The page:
CABRERA: Paul, obviously, it's only 2:00 in the afternoon there in Los Angeles. And nighttime, when that sun falls, has been when problems have popped up across the country in the last couple of nights. Do you have a sense of what the plan is? What are protesters telling you their plan is?

VERCAMMEN: They, basically, said that they want to hold a peaceful demonstration. They wanted to make a statement. So, this is a protest organized by Black Lives Matter and many cohorts, many like-minded groups.

They have not said anything about going downtown. This is in the Fairfax district, by the way. They have not said anything about, you know, wanting this to turn violent. But, as you pointed out, and we've seen this in the past, when the sun's gone down, we have had incidents of violence. You may know, there were more than 500 arrests in Los Angeles last night and six officers hurt.

But, so far, we have to compliment them. Despite sealing off this intersection, we've only seen decorum. And we have not seen anybody throwing anything, any acts of violence. And the police, by the way, as you can tell, are extremely hands off. In fact, since we've been in this intersection, we have not seen a single police officer. So, that might be a deliberate strategy. We'll just have to wait and see -- Ana.

CABRERA: OK. Paul Vercammen in Los Angeles for us. We'll check back. Thank you.

CNN's Evan McMorris-Santoro joins us now in New York and among the protesters there. We can see Evan. Where are you? And describe for us what you're experiencing there.

EVAN MCMORRIS-SANTORO, CNN CORRESPONDENT: Well, hey, Ana, I'm in the West Village neighborhood of New York on Perry Street, just across Bleecker Street. If you want to know what kind of neighborhood this is, this street that I'm standing on is like the fictional home of Carrie Bradshaw from "Sex In The City". So, a nice neighborhood.

This crowd that I'm on, they started marching from Union Square earlier today, where they had a rally, and then they've moved. [17:10:02]

MCMORRIS-SANTORO: They've, sort of, marched around Manhattan and are now marching here into the West Village. So far, and with no indication of otherwise, an extremely peaceful protest. There's been a lot of passion. A lot of, sort of, anger. But really just been very, very peaceful overall.

We've seen even indications of -- you know, there's a police presence here. And we've seen some protesters yelling epithets at police and getting right in their face. And the police, sort of, not reacting and the police being able to cross through the crowd. So, this is a safe but angry protest. Obviously, the concern here in New York, it's a concern that we've had every else in the country which is that the nighttime tends to be a little bit more dangerous.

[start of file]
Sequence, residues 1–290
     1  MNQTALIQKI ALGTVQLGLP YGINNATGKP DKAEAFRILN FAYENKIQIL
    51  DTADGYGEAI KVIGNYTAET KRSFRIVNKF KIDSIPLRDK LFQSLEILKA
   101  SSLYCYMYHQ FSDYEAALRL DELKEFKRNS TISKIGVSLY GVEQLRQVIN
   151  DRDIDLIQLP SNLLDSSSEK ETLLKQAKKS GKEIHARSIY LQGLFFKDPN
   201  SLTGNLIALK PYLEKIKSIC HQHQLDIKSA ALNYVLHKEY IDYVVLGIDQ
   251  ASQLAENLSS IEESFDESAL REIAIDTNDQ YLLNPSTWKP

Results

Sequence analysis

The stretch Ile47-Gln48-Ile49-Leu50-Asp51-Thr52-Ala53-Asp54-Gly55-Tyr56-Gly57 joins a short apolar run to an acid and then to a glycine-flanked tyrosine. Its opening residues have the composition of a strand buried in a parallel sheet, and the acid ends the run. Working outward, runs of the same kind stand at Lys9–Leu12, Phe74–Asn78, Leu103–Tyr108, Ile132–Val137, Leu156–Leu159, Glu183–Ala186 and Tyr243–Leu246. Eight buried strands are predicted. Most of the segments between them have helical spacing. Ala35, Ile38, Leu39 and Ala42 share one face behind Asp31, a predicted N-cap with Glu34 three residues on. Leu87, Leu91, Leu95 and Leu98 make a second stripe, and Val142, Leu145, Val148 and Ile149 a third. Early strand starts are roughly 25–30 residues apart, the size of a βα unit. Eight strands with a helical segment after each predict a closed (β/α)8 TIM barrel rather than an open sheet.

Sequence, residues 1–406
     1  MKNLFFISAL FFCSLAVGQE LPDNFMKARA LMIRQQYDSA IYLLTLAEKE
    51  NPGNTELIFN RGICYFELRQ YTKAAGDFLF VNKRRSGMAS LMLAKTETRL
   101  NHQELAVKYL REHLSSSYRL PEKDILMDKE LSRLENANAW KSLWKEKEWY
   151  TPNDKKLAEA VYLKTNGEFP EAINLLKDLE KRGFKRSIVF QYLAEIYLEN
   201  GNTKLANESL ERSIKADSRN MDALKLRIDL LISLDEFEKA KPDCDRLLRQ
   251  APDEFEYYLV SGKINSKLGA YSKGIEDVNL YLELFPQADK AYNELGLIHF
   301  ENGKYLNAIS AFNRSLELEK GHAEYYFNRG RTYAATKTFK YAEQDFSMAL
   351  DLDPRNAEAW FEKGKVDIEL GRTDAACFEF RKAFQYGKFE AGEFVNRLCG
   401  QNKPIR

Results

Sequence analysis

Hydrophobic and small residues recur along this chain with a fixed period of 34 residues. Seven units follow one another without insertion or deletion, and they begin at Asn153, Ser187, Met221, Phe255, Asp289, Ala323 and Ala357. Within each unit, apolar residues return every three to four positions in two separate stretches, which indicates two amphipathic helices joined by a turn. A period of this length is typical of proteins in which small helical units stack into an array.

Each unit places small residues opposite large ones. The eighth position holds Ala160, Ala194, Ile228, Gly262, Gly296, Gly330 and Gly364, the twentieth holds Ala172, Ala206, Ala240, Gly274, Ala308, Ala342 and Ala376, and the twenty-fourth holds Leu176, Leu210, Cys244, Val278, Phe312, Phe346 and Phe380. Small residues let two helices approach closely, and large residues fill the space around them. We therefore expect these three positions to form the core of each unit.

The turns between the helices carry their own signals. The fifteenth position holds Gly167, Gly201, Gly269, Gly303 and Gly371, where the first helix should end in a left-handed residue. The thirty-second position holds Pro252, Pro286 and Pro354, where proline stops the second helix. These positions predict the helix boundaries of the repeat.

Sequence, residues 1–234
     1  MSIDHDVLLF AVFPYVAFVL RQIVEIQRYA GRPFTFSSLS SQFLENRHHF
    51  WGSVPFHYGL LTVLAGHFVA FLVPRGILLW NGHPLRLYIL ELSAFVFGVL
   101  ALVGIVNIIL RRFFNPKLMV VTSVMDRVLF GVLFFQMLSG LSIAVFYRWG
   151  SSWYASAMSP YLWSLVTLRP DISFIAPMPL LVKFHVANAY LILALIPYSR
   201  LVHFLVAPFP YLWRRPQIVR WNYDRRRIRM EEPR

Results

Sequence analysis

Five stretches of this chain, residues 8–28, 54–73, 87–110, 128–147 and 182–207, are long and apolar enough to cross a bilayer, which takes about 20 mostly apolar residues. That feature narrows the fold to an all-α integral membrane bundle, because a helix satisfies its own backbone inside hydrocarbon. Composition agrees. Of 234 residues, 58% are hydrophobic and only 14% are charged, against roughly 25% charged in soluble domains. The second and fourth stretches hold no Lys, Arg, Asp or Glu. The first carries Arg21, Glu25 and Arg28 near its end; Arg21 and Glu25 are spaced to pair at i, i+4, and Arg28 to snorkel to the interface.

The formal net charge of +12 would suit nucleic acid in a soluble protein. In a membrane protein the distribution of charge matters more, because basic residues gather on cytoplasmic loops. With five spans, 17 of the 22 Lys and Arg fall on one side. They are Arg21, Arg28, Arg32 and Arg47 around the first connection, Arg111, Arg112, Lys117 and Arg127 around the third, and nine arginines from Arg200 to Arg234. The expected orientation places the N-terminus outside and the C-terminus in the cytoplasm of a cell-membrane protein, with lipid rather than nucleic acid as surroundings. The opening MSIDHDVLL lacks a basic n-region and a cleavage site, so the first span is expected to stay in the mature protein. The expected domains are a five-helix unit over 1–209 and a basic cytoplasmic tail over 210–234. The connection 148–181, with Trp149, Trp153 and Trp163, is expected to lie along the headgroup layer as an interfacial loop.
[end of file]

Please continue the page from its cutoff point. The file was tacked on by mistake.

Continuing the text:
Last night in New York, there were incidences of violence and protests in Brooklyn and other places that the mayor, Mayor Bill De Blasio, a Democrat, said today that, you know, he didn't want to see that happening and he didn't want to see another night in New York like he saw last night.

But during the day today, where I am right now, we see no indication of that happening. But, of course, the sun's up and we haven't seen the -- you know, the crowd change yet -- Ana.

CABRERA: And who's in that crowd with you, Evan? What type of people are turning out? It looks like there's a lot of diversity among you.

MCMORRIS-SANTORO: Yes, it's a very large crowd, a few hundred people, and very diverse. And it started out today pretty diverse and it got more and more diverse as the day went on, to be perfectly frank. This is a good mix of New Yorkers. This is a lot of what New York looks like. And people have come together, and they're marching together.

You know, we've seen a lot of people from all over the -- all different ages and different colors and everything else, and that's not a surprise. The most amazing thing has been, as they march along, sometimes they run into traffic and the people in traffic. Rather than be annoyed that there's this crowd marching through them, end up honking their support, which has led to a lot of pretty interesting moments here -- Ana.

CABRERA: OK, we'll check back. As always, thank you. Evan McMorris- Santoro, again, in New York City.

Let's go to Chicago now, where we know there was some intensity there already today. Ryan Young is joining us live. Ryan, it looks like things are relatively calm right now. What can you tell us?